While the actual store interface may be slow, once you get download content onto your DSi, managing it is pretty smooth (or at least it seems to be smooth for our single piece of content). The main settings menu, accessible off the main menu interface, has a "software management" option This lets you view available memory and switch off quickly between applications stored internally and on SD. You can also select to delete software and copy between SD and internal memory. As with the Wii, the copy process feels just a bit too long.
Despite the speed issues, the shopping interface will likely be an invaluable part of the DS experience once download titles hit (and if WiiWare is any indication, there will be a lot of games). The same can't be said about the web browser at present, though.
Surfing on the Wii isn't the fastest experience. On the DS, it's pure torture. In addition to slow download speeds, with sites like Yahoo News taking over a minute to load up, the browser has difficulty rendering pages. You have to scroll extremely slowly, or you'll end up with blank areas as the page redraws itself.
Forget the slow rendering, though. Most pages we tried wouldn't even load completely. IGN is one example. Facebook didn't load either.
If you're looking to check your mail, you may be out of luck. Gmail loaded up to the login screen, but once we actually logged in, the browser attempted to load for a minute or so, then gave up after complaining about the page taking up too much memory. Hotmail let us log in, but the formatting was screwed up, and we couldn't actually click on anything.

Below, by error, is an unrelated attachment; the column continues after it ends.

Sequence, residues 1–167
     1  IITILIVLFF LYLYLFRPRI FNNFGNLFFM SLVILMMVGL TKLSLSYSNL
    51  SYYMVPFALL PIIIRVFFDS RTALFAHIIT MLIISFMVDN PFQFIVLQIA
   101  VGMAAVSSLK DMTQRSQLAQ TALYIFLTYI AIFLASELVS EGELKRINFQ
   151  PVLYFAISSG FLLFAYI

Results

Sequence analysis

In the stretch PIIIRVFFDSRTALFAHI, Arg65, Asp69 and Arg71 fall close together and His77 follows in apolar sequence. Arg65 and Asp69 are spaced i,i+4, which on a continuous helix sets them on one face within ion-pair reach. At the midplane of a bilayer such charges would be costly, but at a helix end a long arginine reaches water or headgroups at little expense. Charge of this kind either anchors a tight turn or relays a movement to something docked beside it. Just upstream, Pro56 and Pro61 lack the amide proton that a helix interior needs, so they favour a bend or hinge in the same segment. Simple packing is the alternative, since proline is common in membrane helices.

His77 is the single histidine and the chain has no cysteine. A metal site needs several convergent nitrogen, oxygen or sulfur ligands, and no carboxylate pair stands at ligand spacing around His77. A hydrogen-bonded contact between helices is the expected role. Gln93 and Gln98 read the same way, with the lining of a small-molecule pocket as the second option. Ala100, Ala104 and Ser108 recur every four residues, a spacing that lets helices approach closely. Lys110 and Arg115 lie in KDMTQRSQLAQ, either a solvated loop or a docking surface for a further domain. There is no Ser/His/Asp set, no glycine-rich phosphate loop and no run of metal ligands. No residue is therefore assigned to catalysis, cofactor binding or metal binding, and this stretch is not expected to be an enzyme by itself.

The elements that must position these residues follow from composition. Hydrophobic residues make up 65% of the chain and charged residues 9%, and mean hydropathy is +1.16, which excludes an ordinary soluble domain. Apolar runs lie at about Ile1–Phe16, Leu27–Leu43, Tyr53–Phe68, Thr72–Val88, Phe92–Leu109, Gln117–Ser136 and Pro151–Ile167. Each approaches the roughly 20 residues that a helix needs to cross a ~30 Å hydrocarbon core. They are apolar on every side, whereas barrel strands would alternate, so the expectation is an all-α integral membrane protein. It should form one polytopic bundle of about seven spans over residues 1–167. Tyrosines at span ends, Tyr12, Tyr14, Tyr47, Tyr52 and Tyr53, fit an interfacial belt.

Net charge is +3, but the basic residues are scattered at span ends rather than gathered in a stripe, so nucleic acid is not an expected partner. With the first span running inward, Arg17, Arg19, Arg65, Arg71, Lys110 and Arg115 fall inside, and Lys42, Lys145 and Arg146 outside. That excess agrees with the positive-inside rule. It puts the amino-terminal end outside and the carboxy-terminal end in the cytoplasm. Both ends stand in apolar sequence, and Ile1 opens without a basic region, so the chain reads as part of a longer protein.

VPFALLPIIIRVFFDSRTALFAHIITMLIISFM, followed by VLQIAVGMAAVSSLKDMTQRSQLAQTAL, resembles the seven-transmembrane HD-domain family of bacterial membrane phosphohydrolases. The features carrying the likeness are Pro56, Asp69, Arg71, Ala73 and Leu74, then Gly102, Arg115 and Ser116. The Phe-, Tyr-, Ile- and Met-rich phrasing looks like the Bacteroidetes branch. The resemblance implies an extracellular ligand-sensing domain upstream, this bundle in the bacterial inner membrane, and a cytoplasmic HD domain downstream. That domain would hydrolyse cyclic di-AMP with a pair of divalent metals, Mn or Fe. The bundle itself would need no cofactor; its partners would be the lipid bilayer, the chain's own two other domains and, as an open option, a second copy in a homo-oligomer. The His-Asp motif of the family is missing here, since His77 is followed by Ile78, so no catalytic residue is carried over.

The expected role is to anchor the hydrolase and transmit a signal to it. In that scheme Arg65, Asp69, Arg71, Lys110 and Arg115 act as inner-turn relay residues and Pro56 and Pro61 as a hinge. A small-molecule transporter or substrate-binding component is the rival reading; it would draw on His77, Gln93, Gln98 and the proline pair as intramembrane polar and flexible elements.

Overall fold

Yahoo Mail did load, and we were able to send out mail. Not with attachments, though, as the attachment file selector wouldn't let us peer into the system's internal memory, or onto the SD card.
For those expecting multimedia content like YouTube, a warning screen prior to downloading the browser confirms no compatibility with movie files, music files, or flash.
On the bright side, going from the main menu into the browser is pretty quick. It takes about ten seconds to get to a screen where you can select to input a URL, conduct a search, open favorites, open history, and check settings. The fast speed for startup suggests that there could still be some use for the browser if someone would make a DS-friendly page, proportioned to fit the DS screen exactly, and completely devoid of high memory images and other flashy features.
With a DS-oriented sites, perhaps the browser could live up to the promise, posted in the browser's description text at the DSi shop, of offering a new "free style" of internet, where users can check news from their favorite sites while in bed, and update their blogs while viewing television.
For those who are already planning their DSi browsing sessions, settings available off the browser greeting screen include options to use Google or Yahoo as your base search engine, turn images on and off, toggle word-wrap on and off, toggle smart frames (a method through which the browser merges frames in framed pages together), delete cookie information and set a proxy. Turning images off does improve download speed although it doesn't seem to fix the page rendering issues.
While the browser will probably remain a secondary experience, the "I" in the DSi suggests that download content via the shopping channel is going to be one of the primary merits of Nintendo's third generation portable. The shopping experience isn't as smooth as we'd like right now, but regardless of that, a potential wealth of content, as indicated by the recent surge in Japanese WiiWare announcements, will make visiting the shopping channel a worthwhile evil.